Karnataka Congress MLAs press for cabinet posts, Lingayat leader seeks deputy CM chair
Karnataka chief minister HD Kumaraswamy meets Lingayat leader MB Patil amid protests outside the Congress office in Bengaluruindia Updated: Jun 08, 2018 20:33 IST
Disgruntled Congress legislators angered at being overlooked for ministerial posts in the Cabinet expansion of the Congress-Janata Dal (Secular) government in Karnataka are threatening to destabilise the party if they are not accommodated in the six vacant berths soon.
At the forefront of the dissidence is former minister and leader of the separate Lingayat religion movement MB Patil. The member of the legislative assembly (MLA) from Babaleshwar in the Vijayapura district on Friday said he would not settle for anything less than the deputy chief minister’s post.
Patil’s public criticism came in the backdrop of fevered parleys between him and senior state leaders, including chief minister and JD(S) leader HD Kumaraswamy, who visited his house on the day. Earlier, deputy chief minister and state Congress president G Parameshwara had also met Patil.
Speaking to reporters after the meeting, Kumaraswamy said he met Patil as the leader of the coalition government and to ensure that it did not face any trouble. “I have no part to play in the internal decisions of the Congress, but I met Patil as the leader of the coalition government. It is now my duty to ensure that the feelings of these leaders are conveyed to the Congress so that they can address it,” he said.
Among those who have been angered by their exclusion in the Cabinet are former minister HK Patil, All India Congress Committee secretary Satish Jarkiholi, Veerashaiva Mahasabha president Shamanur Shivashankarappa.
Patil, a close aide of former chief minister Siddaramaiah, said on Friday that his pride had been hurt by his exclusion. “Kumaraswamy is the chief minister and leader of the coalition but he has got nothing to do with the internal decisions of the Congress,” Patil said. “I am not alone, there are 15-20 people with me, like Satish and Ramesh Jarkiholi. We are discussing how to strengthen the party, none of us has thought of quitting the party,” he said.
Patil said there was no question of quitting the party and that the disgruntled leaders, who have held two rounds of discussions, had never thought about it. “The Congress might have dumped me but I can’t dump the party. I cannot betray the party,” he said.
Meanwhile, Jarkiholi, whose brother Ramesh has been inducted into the Cabinet, confirmed to Hindustan Times that he would soon resign from his post in the All India Congress Committee “within few days.”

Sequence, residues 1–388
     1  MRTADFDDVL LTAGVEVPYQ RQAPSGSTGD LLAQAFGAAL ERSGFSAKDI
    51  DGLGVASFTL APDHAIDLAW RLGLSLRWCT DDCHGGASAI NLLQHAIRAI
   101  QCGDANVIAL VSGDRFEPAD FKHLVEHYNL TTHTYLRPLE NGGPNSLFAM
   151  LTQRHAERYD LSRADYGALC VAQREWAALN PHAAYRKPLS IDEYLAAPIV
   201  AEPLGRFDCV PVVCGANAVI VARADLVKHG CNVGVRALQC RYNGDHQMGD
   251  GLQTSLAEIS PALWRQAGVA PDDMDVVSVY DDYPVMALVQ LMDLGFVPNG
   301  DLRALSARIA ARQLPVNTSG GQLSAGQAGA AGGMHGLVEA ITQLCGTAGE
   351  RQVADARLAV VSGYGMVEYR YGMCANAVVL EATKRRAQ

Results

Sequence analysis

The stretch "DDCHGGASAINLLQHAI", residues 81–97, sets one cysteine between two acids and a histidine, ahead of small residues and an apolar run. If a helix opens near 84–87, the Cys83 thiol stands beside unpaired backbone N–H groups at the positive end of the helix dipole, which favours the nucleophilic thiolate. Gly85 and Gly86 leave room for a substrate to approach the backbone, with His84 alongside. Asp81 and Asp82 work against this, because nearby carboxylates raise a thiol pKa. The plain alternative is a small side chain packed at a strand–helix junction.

Protests were also held outside the Congress office in Bengaluru, with supporters of some of the leaders who were excluded pressing for their inclusion in the Cabinet. At present, there are six vacancies in the Congress’ share of ministries and no date has been finalized for the further expansion of the Cabinet.
One dissident Congress leader said the group is now thinking of going to Delhi to show their strength to the high command. “Maybe then they will realise that the Cabinet expansion was unjust,” the leader said, speaking on the condition of anonymity.
While forming the coalition government the Congress and JD(S) had agreed to share the 34 ministries in the ratio of 2:1, with the Congress getting 22 and the JD(S) the rest, including the chief minister’s post. Portfolios of the 25 ministers inducted into the state government on Wednesday have not yet been revealed.
JD(S) leader Basavaraj Horatti, addressing reporters in Hubballi on Friday, said the reason for his own exclusion from the Cabinet was because of his association with the movement demanding separate religion status for the Lingayat sect, a demand that was granted by the government of chief minister Siddaramaiah days before the state polls.
“The Lingayat agitation has become my biggest crime. We fought for justice but some seers portrayed it as an attempt to break the community and have demanded that I should not be made a minister,” Horatti said. The JD(S) leader had led the movement along with MB Patil.
Political analyst Harish Ramaswamy said there was nothing out of the ordinary about the current dissidence. “This is basically a strategy to lobby for the six vacant posts,” he said. “These leaders know that they will not be accommodated in the only other party that is available to them now, the Bharatiya Janata Party.”
Ramaswamy said if these leaders move to the BJP they will not enjoy the same clout as they do in the Congress. “Like senior leaders SM Krishna and V Srinivasa Prasad, they will not be given prominence once they move,” he said.
According to Ramaswamy, the message was clear, that those who have been sidelined had failed to deliver on the party’s expectations. “Take the Lingayat leaders, for example, they were unable to ensure the party’s win in the Mumbai-Karnataka region. This seems to be a signal that the high command has taken note of their lackluster performance,” he said.
First Published: Jun 08, 2018 18:31 IST